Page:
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Please Note: This article is written for users of the following Microsoft Excel versions: 97, 2000, 2002, and 2003. If you are using a later version (Excel 2007 or later), this tip may not work for you. For a version of this tip written specifically for later versions of Excel, click here: Protecting a Single Worksheet.
Tom has a workbook with a number of worksheets and he only wants to protect the first worksheet against changes. Consequently, he would like to save the workbook with all changes except any made to that first worksheet.
Excel provides the ability to protect individual worksheets in a workbook. Without going into too much detail (as this has been covered in other issues of ExcelTips), you can protect a worksheet by choosing, in Excel 2007, display the Home tab of the ribbon, click Format in the Cells group, and then choose Protect Sheet. In older versions of Excel you choose Tools | Protection | Protect Sheet. The options available in protecting a worksheet depend on the version of Excel you are using.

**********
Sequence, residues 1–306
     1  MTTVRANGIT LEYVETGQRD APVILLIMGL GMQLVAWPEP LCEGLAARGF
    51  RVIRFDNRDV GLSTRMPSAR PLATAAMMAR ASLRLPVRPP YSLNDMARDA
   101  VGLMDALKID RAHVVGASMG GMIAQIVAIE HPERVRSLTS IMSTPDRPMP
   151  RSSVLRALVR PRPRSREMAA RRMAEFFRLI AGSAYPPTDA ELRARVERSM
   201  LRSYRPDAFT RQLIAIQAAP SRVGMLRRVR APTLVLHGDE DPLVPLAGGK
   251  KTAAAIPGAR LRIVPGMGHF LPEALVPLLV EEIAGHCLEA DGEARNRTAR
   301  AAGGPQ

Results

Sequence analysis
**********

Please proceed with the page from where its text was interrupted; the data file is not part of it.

If this type of protection is not enough, then you are pretty much entering the realm of macros. Let's say that the name of the worksheet you want to protect is ImportantStuff. (Creative name; I know.) The idea would be to create a copy of the ImportantStuff worksheet as you want it to always appear. Name this copy something like KeepImportantStuff. Hide the KeepImportantStuff worksheet, and then use an AutoClose macro to (1) delete the ImportantStuff worksheet, since it may have been changed by the user; (2) duplicate the KeepImportantStuff worksheet, naming the copy ImportantStuff; and (3) saving and closing the workbook.
ExcelTips is your source for cost-effective Microsoft Excel training. This tip (6793) applies to Microsoft Excel 97, 2000, 2002, and 2003. You can find a version of this tip for the ribbon interface of Excel (Excel 2007 and later) here: Protecting a Single Worksheet.
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